White mini schnauzers are a topic that always stir up a lot of discussion among lovers of the breed. As an owner of white mini schnauzers, let me walk you through the issue, and how it plays out in the Philippines.
The origins of the white mini schnauzer is hotly debated. You can research this online. In Europe, they say that whites really occurred naturally from the earliest days. In the United States, there are claims that other breeds, such as westies, have been introduced to create the white color.
Suffice it to say, however, that the FCI, under whose rules the Philippines operates, recognizes four mini schnauzer colors: salt and pepper, black and silver, black, and white. The whites can join conformation dog shows under FCI rules, which is why our two white miniature schnauzers, who we flew in from Poland, have both gone on to become the only white miniature schnauzer Philippine Grand Champions to date.
In the US, though, it’s a different story. The American Kennel Club only recognizes three mini schnauzer colors — salt and pepper, black and silver, and black — which means all whites may not join conformation shows at all. (Of course there are white mini schnauzers in the US, but they are not recognized and cannot qualify for any conformation dog shows).
Breeding practices also vary per country. In some European countries such as Germany, where the mother club of the breed is based, the inter-breeding of colors is not allowed. This means blacks cannot be bred with salt and peppers, etc. However, some countries allow intermixing of colors with very valid reasons, which is to ensure that the gene pool of the breed is not too narrow. The United States and most of Asia, for instance, allow the different schnauzer colors to be mixed.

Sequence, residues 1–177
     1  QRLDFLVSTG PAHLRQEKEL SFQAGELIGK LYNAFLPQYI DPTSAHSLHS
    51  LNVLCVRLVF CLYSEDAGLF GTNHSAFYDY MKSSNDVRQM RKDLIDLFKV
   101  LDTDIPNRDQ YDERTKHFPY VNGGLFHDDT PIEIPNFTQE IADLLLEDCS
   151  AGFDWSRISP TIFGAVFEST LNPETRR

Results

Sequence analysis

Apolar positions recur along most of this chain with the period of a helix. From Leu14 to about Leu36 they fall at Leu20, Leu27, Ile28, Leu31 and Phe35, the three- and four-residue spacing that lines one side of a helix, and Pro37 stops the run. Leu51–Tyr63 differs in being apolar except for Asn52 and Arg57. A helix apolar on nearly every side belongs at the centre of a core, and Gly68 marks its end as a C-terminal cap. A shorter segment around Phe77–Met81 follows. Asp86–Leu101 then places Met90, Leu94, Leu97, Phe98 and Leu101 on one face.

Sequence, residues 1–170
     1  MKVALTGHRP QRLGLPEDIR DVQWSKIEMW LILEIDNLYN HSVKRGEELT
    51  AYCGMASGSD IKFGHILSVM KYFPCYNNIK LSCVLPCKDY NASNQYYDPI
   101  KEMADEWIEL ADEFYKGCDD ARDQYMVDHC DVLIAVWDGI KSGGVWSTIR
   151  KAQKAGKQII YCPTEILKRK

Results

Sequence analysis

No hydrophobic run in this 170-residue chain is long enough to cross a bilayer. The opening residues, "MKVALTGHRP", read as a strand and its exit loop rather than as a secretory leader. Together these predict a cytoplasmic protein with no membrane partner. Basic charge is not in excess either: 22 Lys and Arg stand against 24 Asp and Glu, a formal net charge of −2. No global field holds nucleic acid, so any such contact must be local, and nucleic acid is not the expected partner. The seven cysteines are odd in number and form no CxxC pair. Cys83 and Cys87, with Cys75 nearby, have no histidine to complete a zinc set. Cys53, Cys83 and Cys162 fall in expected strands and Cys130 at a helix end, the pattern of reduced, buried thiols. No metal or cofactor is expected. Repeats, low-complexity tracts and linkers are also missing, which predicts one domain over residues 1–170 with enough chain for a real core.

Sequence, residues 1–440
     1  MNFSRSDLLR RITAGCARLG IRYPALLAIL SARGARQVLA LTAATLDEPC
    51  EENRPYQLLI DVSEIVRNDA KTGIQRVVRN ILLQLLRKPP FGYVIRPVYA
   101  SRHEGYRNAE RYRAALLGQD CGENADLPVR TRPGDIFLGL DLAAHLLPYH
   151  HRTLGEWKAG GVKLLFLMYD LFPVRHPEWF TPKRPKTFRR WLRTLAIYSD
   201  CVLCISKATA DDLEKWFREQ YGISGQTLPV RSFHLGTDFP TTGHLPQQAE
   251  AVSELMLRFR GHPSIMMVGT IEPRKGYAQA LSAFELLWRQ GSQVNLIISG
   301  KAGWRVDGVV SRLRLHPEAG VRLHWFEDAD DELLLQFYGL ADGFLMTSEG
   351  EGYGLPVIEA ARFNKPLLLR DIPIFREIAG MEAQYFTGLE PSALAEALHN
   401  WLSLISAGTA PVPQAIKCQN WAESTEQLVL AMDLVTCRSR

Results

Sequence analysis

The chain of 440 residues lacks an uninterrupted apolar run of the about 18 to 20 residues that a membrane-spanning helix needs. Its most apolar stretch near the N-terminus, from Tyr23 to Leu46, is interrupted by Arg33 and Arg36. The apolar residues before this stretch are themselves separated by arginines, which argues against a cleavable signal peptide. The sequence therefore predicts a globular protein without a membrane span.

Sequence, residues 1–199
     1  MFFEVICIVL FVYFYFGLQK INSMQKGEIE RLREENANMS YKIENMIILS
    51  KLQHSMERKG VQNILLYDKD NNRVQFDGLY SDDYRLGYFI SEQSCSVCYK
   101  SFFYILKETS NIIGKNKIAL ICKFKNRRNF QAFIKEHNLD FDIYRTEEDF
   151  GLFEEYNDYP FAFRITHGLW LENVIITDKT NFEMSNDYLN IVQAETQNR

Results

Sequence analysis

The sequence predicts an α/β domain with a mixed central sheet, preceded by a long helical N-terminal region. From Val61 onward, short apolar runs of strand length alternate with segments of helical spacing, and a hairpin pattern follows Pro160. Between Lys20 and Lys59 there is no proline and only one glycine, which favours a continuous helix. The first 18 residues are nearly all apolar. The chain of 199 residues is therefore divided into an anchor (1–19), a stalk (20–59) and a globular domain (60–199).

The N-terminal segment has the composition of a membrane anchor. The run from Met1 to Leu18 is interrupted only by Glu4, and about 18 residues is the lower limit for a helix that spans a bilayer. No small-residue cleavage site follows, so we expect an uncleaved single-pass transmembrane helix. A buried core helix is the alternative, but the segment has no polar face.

So how do we, as breeders based in the Philippines, navigate this minefield?
For us, it’s fairly simple — we do not mix the whites with other colors. We consider them as a distinct breed, which is how the FCI recognizes them anyway. Note that the US frowns upon the white mini schnauzer, because they question its ancestry. While the Philippines is under FCI jurisdiction, we personally recognize what the AKC says and also respect American breeders’ sentiments. So as not to put the pedigrees of any of our puppies into question, especially among our American and Canadian co-breeders, we do not allow our white mini schnauzer to stand as stud for any mini schnauzer that is non-white. To those who we have said no to, please understand that this is about safeguarding the integrity of our breed, as well as our kennel.
By the way, note that you cannot create a white by mixing a white with a non-white, unless that one carries a white gene. So if someone sells you a white mini schnauzer, please do check out its pedigree.
Beyond these discussions, though, I can tell you that white mini schnauzers possess the same qualities that we love in all mini schnauzers. They are equally smart, alert, loyal, brave, and if you ask me, a bit on the yappy side. The white hair is easy to care for if you observe a regular bathing regimen, although staining of the beard can occasionally happen. That, of course, is just a small wrinkle in this wonderful dog who makes such a wonderful member of the family.